We go to the gym for myriad reasons. Some of you may be trying to tone your muscles, others want to bulk up, or maybe you want to lose some weight, or simply challenge Father Time’s attack on your metabolism to maintain your current physique. No matter your reason, we all have the same overarching goal when we exercise: Fitness.
Choosing your exercise intensity depends on your ultimate fitness goals (or your mood and drive that day in the gym). One huge factor in assessing the quality of your workout is your heart rate. Your heart rate can tell you how effective your training is going when you might be pushing yourself too hard, or not doing enough.
How “Hard” Should You Exercise?
Most anyone would agree that an active lifestyle is good for you. Experts would suggest a combination of aerobic activity and strength training at a moderate or vigorous level is ideal for the maximum benefit of exercise. But what does that really mean?
If you get 2-3 hours of moderate aerobic activity each week—like power walking or swimming—or 1-2 hours a week of vigorous aerobic activity—such as running or a kickboxing class, you’re in good shape, and your heart rate is in the correct range. You should strength train at least twice a week with free weights, weight machines, or activities that use your body weight.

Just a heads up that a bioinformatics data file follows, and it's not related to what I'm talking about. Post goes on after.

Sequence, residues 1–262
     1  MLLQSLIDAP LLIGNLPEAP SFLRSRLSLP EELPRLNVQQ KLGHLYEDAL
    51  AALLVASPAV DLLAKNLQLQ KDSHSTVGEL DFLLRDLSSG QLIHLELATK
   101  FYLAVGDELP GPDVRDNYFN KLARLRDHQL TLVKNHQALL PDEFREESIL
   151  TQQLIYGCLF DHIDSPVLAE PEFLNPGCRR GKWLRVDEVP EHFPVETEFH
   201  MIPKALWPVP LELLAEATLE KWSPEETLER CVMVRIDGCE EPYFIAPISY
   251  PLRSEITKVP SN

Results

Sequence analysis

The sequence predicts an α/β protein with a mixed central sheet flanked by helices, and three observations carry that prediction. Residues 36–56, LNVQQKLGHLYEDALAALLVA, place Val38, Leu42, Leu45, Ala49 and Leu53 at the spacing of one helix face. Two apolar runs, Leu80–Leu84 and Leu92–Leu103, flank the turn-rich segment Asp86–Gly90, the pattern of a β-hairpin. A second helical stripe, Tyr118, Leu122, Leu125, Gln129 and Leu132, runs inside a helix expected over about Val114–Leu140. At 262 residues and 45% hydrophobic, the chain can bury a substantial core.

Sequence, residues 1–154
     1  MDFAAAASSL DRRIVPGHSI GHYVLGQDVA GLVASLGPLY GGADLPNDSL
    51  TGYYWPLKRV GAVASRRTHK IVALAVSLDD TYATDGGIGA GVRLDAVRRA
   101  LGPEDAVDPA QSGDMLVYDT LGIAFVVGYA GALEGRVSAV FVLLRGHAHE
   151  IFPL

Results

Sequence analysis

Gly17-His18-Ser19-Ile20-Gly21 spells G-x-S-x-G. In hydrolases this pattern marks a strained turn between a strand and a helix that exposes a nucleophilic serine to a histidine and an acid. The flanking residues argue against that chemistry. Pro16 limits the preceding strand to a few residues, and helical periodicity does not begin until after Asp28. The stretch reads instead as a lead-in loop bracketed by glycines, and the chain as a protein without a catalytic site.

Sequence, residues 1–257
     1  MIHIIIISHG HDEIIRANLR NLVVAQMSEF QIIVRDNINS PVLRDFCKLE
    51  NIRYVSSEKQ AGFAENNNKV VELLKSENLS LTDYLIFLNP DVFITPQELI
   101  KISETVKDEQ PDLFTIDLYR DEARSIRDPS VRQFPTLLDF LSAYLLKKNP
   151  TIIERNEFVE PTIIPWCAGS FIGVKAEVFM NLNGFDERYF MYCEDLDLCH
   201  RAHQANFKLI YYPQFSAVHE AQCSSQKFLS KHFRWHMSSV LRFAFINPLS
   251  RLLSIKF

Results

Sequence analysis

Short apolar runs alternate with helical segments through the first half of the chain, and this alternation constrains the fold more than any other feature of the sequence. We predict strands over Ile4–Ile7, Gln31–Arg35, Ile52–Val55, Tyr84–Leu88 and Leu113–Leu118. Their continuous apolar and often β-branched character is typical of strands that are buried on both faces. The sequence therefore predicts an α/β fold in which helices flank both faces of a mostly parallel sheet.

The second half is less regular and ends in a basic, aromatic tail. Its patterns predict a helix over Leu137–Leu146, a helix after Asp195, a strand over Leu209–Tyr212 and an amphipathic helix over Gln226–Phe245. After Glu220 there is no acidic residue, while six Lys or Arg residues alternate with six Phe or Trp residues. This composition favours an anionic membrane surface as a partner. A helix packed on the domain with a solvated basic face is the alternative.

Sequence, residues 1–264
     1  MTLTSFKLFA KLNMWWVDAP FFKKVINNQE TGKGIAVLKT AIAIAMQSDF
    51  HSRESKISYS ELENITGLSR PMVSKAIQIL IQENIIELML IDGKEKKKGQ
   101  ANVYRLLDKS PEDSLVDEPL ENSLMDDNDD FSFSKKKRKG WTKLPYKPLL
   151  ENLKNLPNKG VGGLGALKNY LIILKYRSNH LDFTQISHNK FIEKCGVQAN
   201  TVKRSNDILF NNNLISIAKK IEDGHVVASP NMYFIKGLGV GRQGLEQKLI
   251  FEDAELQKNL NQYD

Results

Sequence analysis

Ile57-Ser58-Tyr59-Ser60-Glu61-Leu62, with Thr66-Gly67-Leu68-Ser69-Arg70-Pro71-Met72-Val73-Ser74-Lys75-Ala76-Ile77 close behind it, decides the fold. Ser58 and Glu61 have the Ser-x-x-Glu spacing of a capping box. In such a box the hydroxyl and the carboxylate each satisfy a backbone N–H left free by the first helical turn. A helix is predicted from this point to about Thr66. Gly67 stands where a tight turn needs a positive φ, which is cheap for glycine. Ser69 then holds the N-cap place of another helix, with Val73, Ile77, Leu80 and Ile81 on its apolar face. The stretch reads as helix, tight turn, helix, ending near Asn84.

But, what is the correct heart rate for you while partaking in these activities?
What is My Ideal Heart Rate?
A basic way to measure your maximum heart rate is to subtract your age from 220. So, if you’re 35 years old, subtract 35 from 220 to get a maximum heart rate of 185. This is the maximum number of times your heart should beat per minute during exercise.
Most people are obsessed with doing cardio in their “fat-burning” zone. This is the range that is 60% to 70% of your maximum heart rate. Using a fitness app like My Fitness Pal or RunKeeper can help you calculate where you are in your five heart rate zones from resting to high intensity working out.
How Do I Calculate My Heart Rate?
Most cardio machines at the gym will calculate your heart rate for you. But if you’re on a hike, riding your bike, or partaking in some other extracurricular activity where you work up a sweat, those red or green LED numbers may not be available to you.
You can use these simple steps to check your heart rate:
Stop any activity you may be doing and take your pulse for 15 seconds. Check your pulse over your carotid artery by placing your index and third fingers on your neck to the side of your windpipe or check your pulse on your wrist by placing two fingers between the bone and the tendon over your radial artery (located on the thumb side of your wrist). Count how many beats you have felt in 15 seconds and multiply this number by 4 to calculate your beats per minute. If you’re under or over your target heart rate zone, you can adjust your exercise intensity accordingly.
Bottom Line: Be aware of heart rate for more effective workouts!